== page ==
ALAMEDA, Calif. — California Gov. Jerry Brown said Wednesday that he’s killing the state’s plan to sell 11 state office buildings to private investors and lease them back.
The deal would have brought in $1.2 billion in one-time money to help balance this year’s budget. It would also have triggered the redemption or defeasance of $1 billion of tax-exempt lease-revenue debt issued in connection with the buildings’ original financing.
The sale-leaseback deal was negotiated by the administration of the previous governor, Arnold Schwarzenegger. In October the state announced an agreement to sell the 11 buildings to a consortium of investors led by privately owned real-estate firm Hines and private-equity firm Antarctica Capital Real Estate for $2.33 billion, while signing long-term leases to keep state agencies in the buildings.
The original plan called for California to pay about $56 million annually to lease the buildings for state use — an amount that would increase over time — in a deal equivalent to borrowing at a 10.2% interest rate, Brown said at a press conference Wednesday, citing the nonpartisan Legislative Analyst’s Office.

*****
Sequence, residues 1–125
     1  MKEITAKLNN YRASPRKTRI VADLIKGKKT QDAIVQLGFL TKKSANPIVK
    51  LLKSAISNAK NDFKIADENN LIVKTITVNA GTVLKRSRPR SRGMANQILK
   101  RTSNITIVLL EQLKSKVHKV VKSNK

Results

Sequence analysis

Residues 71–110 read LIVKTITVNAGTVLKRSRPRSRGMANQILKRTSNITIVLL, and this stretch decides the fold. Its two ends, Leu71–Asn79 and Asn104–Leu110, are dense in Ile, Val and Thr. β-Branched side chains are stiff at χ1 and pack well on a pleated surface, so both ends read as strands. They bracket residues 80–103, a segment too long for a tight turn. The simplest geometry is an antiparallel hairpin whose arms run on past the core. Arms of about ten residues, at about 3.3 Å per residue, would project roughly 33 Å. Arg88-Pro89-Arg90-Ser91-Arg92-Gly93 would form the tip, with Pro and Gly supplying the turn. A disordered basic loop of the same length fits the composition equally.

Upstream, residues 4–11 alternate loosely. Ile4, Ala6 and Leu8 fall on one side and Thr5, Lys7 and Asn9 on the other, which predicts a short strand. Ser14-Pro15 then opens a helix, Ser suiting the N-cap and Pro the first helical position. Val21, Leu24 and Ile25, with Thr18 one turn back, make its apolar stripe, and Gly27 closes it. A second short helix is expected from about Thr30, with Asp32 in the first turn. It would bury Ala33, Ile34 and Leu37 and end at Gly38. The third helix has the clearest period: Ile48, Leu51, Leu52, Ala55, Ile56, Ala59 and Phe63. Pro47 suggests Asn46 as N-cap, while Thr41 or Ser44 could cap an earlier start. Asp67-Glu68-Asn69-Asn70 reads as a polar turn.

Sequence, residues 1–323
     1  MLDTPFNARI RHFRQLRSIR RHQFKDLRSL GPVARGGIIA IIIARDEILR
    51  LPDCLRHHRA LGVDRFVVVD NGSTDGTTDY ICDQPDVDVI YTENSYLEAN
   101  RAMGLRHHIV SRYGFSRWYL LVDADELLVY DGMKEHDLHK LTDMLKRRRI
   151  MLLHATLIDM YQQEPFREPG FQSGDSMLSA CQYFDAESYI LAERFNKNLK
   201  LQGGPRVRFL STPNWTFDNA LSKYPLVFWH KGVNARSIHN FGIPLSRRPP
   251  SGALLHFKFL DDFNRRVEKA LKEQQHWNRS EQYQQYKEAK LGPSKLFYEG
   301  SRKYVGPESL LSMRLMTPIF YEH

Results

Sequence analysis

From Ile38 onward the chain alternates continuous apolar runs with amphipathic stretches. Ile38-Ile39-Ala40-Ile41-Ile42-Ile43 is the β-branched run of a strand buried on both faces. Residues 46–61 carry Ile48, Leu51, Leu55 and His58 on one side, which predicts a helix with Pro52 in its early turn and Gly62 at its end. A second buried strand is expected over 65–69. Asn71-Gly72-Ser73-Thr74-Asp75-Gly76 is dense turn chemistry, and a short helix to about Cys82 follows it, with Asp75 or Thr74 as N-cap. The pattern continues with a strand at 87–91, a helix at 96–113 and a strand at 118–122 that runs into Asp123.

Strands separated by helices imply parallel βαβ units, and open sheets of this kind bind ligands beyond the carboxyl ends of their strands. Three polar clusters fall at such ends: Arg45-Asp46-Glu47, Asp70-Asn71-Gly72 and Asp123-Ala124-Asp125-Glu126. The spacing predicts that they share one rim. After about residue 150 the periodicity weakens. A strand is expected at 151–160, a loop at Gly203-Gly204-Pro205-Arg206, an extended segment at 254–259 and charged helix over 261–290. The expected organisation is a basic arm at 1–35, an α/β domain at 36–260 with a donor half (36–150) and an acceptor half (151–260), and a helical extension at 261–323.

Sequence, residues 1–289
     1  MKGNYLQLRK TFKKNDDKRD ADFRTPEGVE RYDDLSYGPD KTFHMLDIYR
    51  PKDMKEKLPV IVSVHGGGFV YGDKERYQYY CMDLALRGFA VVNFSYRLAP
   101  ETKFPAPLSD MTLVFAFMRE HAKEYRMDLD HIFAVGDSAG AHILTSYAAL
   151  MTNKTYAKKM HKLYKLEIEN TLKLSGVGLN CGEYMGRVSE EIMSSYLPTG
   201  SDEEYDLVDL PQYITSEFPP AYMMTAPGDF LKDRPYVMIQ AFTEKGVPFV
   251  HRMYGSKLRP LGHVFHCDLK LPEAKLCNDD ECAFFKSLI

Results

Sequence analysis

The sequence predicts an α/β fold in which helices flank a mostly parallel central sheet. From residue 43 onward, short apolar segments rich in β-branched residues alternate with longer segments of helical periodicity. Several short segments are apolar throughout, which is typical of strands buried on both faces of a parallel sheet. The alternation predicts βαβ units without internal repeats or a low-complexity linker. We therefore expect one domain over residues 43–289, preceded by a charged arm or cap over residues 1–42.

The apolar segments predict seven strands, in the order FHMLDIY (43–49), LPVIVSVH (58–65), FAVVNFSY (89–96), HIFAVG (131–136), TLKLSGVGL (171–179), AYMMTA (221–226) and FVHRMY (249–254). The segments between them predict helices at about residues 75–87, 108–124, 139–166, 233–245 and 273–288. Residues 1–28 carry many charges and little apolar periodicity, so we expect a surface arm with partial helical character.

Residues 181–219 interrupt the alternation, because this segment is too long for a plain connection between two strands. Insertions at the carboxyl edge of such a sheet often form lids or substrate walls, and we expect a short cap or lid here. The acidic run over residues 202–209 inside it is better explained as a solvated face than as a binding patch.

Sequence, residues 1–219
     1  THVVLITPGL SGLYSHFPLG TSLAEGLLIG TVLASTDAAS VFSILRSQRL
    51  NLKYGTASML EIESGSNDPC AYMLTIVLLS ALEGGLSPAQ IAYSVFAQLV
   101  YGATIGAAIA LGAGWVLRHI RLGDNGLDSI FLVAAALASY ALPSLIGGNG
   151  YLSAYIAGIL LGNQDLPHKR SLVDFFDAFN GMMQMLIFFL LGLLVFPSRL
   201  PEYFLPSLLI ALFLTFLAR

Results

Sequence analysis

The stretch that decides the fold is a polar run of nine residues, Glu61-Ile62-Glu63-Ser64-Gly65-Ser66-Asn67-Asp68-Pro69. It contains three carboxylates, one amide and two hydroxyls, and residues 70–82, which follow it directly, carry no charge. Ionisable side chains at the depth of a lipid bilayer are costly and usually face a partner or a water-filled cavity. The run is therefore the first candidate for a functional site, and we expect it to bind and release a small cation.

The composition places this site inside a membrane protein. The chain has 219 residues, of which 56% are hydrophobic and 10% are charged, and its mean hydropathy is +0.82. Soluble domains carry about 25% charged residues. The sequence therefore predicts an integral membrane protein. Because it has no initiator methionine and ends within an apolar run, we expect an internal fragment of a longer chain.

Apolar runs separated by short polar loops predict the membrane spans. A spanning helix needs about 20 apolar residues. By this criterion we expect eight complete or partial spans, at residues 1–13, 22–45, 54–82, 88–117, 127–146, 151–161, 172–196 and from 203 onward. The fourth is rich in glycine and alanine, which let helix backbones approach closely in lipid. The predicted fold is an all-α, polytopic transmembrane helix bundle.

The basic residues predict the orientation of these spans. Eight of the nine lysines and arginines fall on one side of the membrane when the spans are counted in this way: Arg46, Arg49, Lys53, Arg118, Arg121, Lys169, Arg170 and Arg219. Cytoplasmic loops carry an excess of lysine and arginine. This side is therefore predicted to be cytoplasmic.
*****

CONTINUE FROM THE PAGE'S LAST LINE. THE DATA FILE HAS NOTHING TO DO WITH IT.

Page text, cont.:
“The sale of the buildings really didn’t make much sense because in effect it was a gigantic loan with interest payments in excess of 10% every year,” he said.
Opponents of the plan filed suit in November challenging the leaseback scheme, thwarting Schwarzenegger’s plans to close the deal before he left office in January, and leaving the decision whether or not to proceed with the transaction in Brown’s hands. The case was pending in an appellate court.
The Democratic governor plans to make up for the $1.2 billion in general fund revenue lost by cancellation of the sale in part by borrowing $830 million from special fund reserves, to be paid back within three years.
The $18 million projected interest cost is a much less than the state would have spent on the leaseback, Brown said.
The remainder of the lost revenue will be made up from higher than expected Medi-Cal managed-care tax revenue and cutting $100 million in prison infrastructure spending.
Controller John Chiang issued a statement Wednesday hailing the governor’s decision.
“While the sale of these buildings would have provided immediate cash for the state, it would have cost Californians more over the long haul. Selling low and renting high would not have served taxpayers’ interests,” Chiang said. “This decision shows Gov. Brown is serious about ending the budget gimmicks and sideshows. Only real, ongoing solutions will improve our balance sheet and solve our annual fiscal problems.”